Tagged: soccer

This is one of those spray and pray shots you make when shooting sports. As Cheney High School’s C.J. Skillingstad scored the winning goal in overtime, I swung my lens from the ball in the net to the celebration happening on the field. I hit the shutter, unleashing my machine-gun fast Nikon D3s’ motor drive. I didn’t realize I had  C.J. in the photo because they all jumped on him. I like his hand in the air flashing the number one. Ahhh the drama. After the game, I sat on the sideline and downloaded my snaps into my iPad. I went directly to this photo first and edited and captioned  it in a super-cool $7.99 app called Photogene. I then sent the photo to the newspaper via the app’s FTP client. It’s nice not having to cart my 17-inch laptop around for assignments like this. Nikon D3s, Nikkor 300 f/4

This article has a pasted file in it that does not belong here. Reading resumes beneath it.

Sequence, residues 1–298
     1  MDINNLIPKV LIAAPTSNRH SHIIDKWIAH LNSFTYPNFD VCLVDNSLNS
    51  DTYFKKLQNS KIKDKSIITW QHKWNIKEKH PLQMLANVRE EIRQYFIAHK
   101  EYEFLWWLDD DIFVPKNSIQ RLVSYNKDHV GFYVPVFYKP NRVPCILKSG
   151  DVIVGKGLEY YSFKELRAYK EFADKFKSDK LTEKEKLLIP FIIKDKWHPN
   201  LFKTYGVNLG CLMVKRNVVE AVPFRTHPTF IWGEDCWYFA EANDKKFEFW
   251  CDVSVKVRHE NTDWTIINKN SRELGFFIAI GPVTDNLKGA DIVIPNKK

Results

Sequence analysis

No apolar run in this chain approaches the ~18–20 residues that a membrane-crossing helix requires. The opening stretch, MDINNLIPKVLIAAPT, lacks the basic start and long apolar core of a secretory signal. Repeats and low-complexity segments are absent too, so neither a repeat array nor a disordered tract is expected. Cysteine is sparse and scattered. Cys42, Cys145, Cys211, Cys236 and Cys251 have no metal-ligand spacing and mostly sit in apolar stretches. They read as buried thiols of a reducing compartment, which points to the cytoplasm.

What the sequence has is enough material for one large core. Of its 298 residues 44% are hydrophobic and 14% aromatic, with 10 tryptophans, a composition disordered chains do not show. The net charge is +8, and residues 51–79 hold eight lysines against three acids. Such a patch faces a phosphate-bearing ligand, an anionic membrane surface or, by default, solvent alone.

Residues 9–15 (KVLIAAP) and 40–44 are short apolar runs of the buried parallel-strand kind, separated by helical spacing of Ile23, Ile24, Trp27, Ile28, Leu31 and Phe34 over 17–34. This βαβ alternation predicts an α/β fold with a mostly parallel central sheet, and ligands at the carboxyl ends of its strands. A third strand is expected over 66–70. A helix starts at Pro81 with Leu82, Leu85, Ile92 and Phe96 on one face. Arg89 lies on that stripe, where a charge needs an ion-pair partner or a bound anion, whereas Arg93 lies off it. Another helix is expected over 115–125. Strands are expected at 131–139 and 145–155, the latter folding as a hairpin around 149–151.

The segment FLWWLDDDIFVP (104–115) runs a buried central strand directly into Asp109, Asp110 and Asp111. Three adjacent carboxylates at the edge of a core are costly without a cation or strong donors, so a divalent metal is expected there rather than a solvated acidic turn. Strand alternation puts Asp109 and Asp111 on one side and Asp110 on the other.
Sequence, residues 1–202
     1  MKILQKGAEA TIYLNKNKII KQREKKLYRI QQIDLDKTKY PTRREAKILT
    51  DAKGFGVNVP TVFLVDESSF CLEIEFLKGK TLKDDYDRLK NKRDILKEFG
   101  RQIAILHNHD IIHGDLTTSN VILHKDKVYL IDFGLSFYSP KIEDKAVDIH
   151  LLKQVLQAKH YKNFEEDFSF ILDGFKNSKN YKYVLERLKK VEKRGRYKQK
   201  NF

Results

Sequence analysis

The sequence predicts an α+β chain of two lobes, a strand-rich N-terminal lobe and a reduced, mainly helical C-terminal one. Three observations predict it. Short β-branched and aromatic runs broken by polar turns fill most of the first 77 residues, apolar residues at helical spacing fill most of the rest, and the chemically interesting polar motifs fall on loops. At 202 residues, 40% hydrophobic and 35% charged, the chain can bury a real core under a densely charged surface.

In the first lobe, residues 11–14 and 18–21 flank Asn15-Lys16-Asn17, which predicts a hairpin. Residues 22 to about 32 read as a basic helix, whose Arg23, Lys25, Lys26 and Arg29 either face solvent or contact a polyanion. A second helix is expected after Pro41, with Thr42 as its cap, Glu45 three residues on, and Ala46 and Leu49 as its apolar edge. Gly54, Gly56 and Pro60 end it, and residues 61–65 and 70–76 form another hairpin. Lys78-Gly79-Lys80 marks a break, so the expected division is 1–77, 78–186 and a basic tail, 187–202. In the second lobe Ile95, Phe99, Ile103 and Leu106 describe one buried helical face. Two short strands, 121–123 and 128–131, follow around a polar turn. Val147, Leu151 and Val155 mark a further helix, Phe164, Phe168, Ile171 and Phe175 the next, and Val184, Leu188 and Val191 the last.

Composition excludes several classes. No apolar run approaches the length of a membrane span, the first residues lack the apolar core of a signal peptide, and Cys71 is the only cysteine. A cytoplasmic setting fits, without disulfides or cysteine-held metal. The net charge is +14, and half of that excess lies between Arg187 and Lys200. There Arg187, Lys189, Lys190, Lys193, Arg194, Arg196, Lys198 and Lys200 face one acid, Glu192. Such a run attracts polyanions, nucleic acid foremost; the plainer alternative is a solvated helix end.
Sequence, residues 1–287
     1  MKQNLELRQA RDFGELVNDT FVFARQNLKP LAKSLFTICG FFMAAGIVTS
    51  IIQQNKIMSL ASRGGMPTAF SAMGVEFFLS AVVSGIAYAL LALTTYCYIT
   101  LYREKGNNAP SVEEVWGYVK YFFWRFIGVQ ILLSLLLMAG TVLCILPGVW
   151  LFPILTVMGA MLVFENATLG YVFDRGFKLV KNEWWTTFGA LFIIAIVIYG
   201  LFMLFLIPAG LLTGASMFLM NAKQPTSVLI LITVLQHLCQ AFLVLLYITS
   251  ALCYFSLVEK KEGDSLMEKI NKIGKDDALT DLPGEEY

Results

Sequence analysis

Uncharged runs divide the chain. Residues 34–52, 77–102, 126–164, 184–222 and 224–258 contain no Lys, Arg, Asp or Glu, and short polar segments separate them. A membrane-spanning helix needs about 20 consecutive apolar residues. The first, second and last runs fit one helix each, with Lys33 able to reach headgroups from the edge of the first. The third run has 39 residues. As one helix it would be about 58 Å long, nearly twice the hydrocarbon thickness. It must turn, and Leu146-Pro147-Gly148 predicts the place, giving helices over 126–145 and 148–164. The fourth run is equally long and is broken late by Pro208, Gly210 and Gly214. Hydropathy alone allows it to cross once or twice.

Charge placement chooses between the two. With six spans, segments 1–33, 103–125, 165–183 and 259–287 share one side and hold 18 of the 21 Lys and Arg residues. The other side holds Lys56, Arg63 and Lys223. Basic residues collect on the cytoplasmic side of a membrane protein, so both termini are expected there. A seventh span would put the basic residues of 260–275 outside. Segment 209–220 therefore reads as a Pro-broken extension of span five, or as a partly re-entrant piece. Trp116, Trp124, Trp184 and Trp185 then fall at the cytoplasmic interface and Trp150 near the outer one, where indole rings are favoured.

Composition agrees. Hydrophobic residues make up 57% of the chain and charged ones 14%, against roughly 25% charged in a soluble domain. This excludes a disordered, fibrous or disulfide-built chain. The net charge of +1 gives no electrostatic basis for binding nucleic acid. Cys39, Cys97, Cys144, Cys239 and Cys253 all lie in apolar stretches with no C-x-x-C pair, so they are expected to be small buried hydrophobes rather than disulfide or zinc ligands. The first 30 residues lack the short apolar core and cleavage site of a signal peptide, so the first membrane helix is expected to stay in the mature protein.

Cheney's C.J. Skillingstad, bottom right, is mobbed by teammates after scoring the winning goal in overtime against East Valley Tuesday at Cheney High School. Colin Mulvany/The Spokesman-Review

Good sports photography is mostly about anticipation and timing. My Nikon D3s digital SLR camera allows me to shoot a burst at nine frames per second. That sounds like a lot, but it really isn’t when trying to capture a peak action sporting moment like these to high school soccer players. I shot this snap with a Nikkor 400 mm 2.8 telephoto lens ( the beast weighs more than a boat anchor.) The wide aperture and long focal length helps throw the background out of focus, which make the subject stand out. As I was sitting on the bleachers downloading m photos onto my iPad to send back to the newspaper, a spectator looked over my shoulder and said:  “Your camera takes great pictures!” Hey, give a shooter some credit will ya. Technology is great, but someone still has to know when to push the shutter button.

Ferris Saxon's Josh Sharon (in front) and Mead's Colin Shockman compete for control of the ball during their soccer match Friday, April 22, 2011 at Ferris High School. Colin Mulvany/The Spokesman-Review